Padres: Korry Howell, UTIL (No. 9)
The pickoff limits coming to MLB in 2023 could lead to an uptick in stolen bases, similar to the one we’ve seen in the Minors. That’ll make it even more valuable to have a plus-plus speedster available off the bench. Enter Howell. The 24-year-old also has some versatility with experience at all three outfield spots, as well as second base and short in 2022. His bat hasn’t been tested above Double-A, but the overall skills could get him a role as a Rule 5 pick.
Giants: Jairo Pomares, OF (No. 14)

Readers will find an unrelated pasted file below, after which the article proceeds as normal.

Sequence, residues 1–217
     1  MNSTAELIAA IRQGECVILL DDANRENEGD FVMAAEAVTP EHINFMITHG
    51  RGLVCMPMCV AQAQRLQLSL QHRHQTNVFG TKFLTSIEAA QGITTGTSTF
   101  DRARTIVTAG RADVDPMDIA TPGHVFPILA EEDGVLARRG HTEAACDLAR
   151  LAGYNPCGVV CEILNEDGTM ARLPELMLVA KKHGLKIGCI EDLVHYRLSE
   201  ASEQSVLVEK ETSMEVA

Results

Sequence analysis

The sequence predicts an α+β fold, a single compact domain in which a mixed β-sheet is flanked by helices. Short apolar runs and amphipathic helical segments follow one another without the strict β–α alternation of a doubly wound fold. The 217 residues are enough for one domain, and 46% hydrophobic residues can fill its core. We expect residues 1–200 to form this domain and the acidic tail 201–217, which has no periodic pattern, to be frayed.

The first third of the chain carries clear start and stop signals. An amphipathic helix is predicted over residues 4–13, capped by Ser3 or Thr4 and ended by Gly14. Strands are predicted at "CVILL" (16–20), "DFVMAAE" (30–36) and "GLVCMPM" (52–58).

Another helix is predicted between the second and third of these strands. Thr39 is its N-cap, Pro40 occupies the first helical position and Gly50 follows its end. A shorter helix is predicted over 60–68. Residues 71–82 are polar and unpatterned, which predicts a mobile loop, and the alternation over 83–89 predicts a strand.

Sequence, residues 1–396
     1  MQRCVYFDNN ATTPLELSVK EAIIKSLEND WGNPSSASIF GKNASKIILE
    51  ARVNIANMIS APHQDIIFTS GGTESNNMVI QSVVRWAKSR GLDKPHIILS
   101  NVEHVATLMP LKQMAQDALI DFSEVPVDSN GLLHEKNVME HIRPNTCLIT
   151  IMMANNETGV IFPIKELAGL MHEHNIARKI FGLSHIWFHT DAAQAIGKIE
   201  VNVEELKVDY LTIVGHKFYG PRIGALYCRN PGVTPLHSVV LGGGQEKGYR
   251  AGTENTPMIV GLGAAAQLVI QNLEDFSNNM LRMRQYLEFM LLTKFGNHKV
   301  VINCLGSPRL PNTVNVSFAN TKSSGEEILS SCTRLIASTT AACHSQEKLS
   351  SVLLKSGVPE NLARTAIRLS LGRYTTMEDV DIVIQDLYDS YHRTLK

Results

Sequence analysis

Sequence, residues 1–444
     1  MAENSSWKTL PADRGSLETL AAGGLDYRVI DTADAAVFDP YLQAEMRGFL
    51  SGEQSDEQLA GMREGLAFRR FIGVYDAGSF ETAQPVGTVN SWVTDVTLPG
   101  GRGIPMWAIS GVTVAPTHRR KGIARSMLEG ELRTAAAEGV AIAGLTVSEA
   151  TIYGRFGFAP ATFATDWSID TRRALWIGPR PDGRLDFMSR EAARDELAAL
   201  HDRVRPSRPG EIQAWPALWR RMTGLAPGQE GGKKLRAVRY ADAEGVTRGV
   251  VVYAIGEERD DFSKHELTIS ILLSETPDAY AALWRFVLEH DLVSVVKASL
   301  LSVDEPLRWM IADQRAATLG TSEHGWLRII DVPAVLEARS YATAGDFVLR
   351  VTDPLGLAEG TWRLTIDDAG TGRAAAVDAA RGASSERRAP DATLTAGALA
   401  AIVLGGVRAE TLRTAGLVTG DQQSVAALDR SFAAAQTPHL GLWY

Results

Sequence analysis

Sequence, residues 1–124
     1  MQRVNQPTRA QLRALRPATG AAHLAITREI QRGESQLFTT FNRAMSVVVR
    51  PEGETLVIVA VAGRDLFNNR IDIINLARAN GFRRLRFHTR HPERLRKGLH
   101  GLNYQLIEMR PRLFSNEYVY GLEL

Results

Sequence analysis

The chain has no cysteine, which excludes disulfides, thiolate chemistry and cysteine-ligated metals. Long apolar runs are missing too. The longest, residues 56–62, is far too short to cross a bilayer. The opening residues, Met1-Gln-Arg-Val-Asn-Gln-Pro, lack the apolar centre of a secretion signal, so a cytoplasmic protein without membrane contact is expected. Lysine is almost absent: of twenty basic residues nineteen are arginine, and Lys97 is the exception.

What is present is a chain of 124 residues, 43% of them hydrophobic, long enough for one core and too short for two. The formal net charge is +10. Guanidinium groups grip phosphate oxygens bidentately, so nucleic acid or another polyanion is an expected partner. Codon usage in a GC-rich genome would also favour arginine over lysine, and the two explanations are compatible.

After slashing .334/.378/.629 between Single-A and High-A in 2021, Pomares dropped to .254/.330/.438 in High-A this season. A $975,000 signee in ’18 after defecting from Cuba, he’s an all-bat left fielder who will have to tone down his extremely aggressive approach.
D-backs: Conor Grammes, RHP (No. 28)
Grammes is in some ways the perfect Rule 5 candidate. He throws hard (mid-90s) with two promising breaking balls, but because of Tommy John surgery in July 2021, he wasn’t seen much this summer. The 25-year-old right-hander struck out 37.1 percent of his batters faced in 12 High-A appearances after the procedure, but he also walked 14.6 percent and finished with an 8.50 ERA (and a much lower 4.94 FIP). A club might believe enough in the stuff to give him a shot and see if the control can improve with another year removed from surgery.